Later that same year, Rader stormed the mound and angrily dressed down starter Dave Stewart in front of a full stadium, for allowing a home run. Stewart was sent packing, too. He won 119 games over eight seasons for the Hated A’s.
“He took everything too personally,” said Bell.
Rader didn’t like the media much, either. After the team had lost four straight in Kansas City, a post-game question so enraged him that he flung a pair of pants on top of a writer’s head. In another instance, Rader got angry with a writer and responded to his every question with the same two-word expletive, for ten straight days.
But for me – and for most Rangers fans – the final black mark in Rader’s book was running off the team’s most popular player, Jim Sundberg.
Rader didn’t like the fact that Sundberg was a non-confrontational guy with a good sense of humor who got along with everyone. Sundberg had also learned to avoid home-plate collisions, which prolonged his career – but Rader wanted players who ate nails and gunpowder for breakfast.
The tipping point came in a 1983 game the Rangers would lose. At one point late in the contest, with a runner on third, Sunny lost track of the count. The count was actually 3-and-1, but the scoreboard operator had mistakenly posted it as 2-and-2. The next pitch was a strike, Sunny thought it was the third out and rolled the ball back to the pitcher’s mound. The runner scored and Rader’s head exploded.
“The guy just didn’t like me,” said Sundberg. “I made a mistake, and he aired me out in front of the whole club, like he was looking for situations to belittle me.”
Rader demanded the team get rid of Sundberg, one of his two best players, because he wanted “a different kind of human being.” So Sunny went to Milwaukee in return for Brewers catcher Ned Yost.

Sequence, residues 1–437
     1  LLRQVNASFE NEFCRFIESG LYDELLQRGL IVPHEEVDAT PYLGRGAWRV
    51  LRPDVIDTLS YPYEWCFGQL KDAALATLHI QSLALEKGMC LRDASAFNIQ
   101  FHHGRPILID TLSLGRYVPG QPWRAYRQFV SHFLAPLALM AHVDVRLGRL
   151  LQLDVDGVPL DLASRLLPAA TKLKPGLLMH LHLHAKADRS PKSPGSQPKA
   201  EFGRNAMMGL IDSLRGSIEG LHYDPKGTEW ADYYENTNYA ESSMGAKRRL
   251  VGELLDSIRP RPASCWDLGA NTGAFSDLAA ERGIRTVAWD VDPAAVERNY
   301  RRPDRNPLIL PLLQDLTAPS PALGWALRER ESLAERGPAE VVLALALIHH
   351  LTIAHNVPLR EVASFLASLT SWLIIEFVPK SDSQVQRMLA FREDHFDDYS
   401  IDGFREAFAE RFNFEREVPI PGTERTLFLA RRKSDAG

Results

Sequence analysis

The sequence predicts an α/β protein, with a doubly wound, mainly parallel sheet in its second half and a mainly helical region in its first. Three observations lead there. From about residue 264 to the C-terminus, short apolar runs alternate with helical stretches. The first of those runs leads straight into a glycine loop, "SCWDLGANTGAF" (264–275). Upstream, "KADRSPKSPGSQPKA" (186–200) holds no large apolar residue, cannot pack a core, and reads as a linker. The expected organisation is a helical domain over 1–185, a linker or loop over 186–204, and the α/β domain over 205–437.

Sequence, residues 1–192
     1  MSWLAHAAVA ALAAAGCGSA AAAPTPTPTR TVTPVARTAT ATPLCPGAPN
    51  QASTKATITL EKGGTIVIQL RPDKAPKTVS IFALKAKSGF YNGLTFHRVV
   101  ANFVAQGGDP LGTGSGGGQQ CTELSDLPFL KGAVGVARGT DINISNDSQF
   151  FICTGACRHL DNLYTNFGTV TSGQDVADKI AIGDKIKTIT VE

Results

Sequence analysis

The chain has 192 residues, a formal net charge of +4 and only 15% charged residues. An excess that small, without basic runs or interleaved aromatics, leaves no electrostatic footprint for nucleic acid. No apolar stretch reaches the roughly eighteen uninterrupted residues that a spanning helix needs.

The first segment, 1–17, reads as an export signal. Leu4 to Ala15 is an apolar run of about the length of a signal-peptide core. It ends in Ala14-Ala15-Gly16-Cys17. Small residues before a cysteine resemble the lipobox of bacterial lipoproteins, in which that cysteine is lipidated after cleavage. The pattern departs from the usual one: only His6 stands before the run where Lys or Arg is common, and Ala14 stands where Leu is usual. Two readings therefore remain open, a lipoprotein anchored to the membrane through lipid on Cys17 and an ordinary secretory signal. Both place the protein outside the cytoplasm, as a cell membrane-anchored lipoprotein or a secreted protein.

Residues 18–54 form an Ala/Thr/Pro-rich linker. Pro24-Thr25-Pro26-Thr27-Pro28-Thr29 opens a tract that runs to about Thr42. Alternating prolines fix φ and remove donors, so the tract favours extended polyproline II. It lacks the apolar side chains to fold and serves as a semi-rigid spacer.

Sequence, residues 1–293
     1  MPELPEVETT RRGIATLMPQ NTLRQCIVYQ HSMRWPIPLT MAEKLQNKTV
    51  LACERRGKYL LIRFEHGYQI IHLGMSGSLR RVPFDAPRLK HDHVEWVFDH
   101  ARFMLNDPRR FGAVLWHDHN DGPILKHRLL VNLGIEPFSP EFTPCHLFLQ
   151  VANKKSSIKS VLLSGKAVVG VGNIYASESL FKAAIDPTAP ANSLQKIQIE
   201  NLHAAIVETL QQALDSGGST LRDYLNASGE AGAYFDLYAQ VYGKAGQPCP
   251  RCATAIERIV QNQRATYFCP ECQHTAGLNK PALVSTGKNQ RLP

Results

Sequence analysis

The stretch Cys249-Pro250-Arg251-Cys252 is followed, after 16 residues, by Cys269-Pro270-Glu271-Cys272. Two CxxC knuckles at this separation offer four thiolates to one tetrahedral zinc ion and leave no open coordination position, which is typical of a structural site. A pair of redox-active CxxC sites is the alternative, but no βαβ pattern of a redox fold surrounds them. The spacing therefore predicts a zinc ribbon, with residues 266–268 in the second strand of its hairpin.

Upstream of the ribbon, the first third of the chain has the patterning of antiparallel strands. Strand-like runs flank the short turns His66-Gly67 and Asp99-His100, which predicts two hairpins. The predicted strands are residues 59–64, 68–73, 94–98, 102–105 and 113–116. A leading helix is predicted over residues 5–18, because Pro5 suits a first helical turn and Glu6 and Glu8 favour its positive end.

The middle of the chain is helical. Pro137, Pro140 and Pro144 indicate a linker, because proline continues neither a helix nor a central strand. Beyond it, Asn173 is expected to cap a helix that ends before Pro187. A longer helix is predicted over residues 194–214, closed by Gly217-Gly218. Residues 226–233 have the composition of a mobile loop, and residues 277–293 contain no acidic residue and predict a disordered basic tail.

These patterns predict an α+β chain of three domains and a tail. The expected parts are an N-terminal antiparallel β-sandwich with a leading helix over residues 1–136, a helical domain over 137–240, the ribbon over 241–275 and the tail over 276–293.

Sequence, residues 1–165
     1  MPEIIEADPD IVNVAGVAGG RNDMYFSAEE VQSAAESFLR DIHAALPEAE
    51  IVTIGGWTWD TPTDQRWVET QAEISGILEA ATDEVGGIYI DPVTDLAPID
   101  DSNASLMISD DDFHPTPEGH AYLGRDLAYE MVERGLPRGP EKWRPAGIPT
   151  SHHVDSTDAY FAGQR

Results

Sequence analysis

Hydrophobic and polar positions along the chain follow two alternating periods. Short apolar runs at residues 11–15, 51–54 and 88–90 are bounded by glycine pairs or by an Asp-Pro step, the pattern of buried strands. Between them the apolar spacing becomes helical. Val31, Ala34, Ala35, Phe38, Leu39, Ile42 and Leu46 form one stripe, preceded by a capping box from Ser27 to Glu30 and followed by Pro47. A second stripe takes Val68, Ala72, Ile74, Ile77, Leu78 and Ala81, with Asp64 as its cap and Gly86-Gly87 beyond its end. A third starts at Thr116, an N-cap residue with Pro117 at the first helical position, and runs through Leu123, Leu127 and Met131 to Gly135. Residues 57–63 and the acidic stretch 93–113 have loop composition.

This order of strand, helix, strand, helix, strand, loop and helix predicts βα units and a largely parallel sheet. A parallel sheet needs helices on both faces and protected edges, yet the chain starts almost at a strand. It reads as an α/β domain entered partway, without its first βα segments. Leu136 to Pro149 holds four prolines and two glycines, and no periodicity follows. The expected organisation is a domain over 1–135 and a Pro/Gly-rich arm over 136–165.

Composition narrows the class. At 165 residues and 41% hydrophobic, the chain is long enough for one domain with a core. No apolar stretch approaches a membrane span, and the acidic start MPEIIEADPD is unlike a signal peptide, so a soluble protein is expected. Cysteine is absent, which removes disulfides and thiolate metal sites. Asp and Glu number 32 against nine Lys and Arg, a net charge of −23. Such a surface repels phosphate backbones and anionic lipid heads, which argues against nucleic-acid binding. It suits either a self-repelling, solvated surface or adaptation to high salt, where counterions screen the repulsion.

Rader said, “We made the deal because Ned Yost is a better catcher than Jim Sundberg. Period.”
Here are the facts:
Sundberg won six consecutive Gold Glove Awards from 1976 to 1981, leading AL catchers in fielding percentage, putouts and assists. He was Rookie of the Year and made three All-Star Teams. He averaged catching 126 games a year in his 12 Rangers seasons. Richard Kendall of the Society for American Baseball Research dubbed him the third most dominating fielding catcher in major league history. In his 16-year career, Sundberg’s average caught-stealing rate was 41%. His career bWAR, with the Rangers, was 34.7.
Ned Yost lasted one season with Texas. He caught 80 games. His caught-stealing rate was 17%. His bWAR was -3.4.
After the 1984 season, Rader met with Sundberg, apologized for his inexcusable behavior and begged him to come back. Sundberg said no, and went on to Kansas City where he won a World Series ring. He didn’t return to the Rangers until 1988.
By then, Rader was long gone, fired after the 1985 Texas club started 9-23. He became a base coach for the White Sox and Tony LaRussa in 1986, that lasted one season. He was named manager of the Angels in 1989, and was fired when the 1991 team fell from first place to last in a month. He joined the Marlins as a coach in 1992, left in 1994 and has been out of baseball since.
Asked to sum up his time with the Rangers, he said, “I got so out of line … that I became terrible. I was hard and mean with them, short-tempered and sarcastic. I look back on that and say to myself, ‘You really were an idiot.’”
He won’t find many to disagree.